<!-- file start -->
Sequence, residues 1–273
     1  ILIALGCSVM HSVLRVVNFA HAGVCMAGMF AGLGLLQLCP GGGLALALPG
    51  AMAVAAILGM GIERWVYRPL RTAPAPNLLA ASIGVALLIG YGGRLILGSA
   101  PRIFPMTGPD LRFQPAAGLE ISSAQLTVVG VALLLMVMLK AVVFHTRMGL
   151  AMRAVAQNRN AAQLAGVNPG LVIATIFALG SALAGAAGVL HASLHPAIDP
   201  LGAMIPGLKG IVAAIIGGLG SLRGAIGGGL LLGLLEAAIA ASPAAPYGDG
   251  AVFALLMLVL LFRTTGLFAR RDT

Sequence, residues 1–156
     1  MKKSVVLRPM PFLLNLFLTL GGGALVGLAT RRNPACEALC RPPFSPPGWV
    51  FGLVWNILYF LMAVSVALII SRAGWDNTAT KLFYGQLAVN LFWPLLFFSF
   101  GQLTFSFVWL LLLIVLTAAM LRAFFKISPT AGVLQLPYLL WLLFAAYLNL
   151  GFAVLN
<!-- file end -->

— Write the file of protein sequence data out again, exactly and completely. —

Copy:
Sequence, residues 1–273
     1  ILIALGCSVM HSVLRVVNFA HAGVCMAGMF AGLGLLQLCP GGGLALALPG
    51  AMAVAAILGM GIERWVYRPL RTAPAPNLLA ASIGVALLIG YGGRLILGSA
   101  PRIFPMTGPD LRFQPAAGLE ISSAQLTVVG VALLLMVMLK AVVFHTRMGL
   151  AMRAVAQNRN AAQLAGVNPG LVIATIFALG SALAGAAGVL HASLHPAIDP
   201  LGAMIPGLKG IVAAIIGGLG SLRGAIGGGL LLGLLEAAIA ASPAAPYGDG
   251  AVFALLMLVL LFRTTGLFAR RDT

Sequence, residues 1–156
     1  MKKSVVLRPM PFLLNLFLTL GGGALVGLAT RRNPACEALC RPPFSPPGWV
    51  FGLVWNILYF LMAVSVALII SRAGWDNTAT KLFYGQLAVN LFWPLLFFSF
   101  GQLTFSFVWL LLLIVLTAAM LRAFFKISPT AGVLQLPYLL WLLFAAYLNL
   151  GFAVLN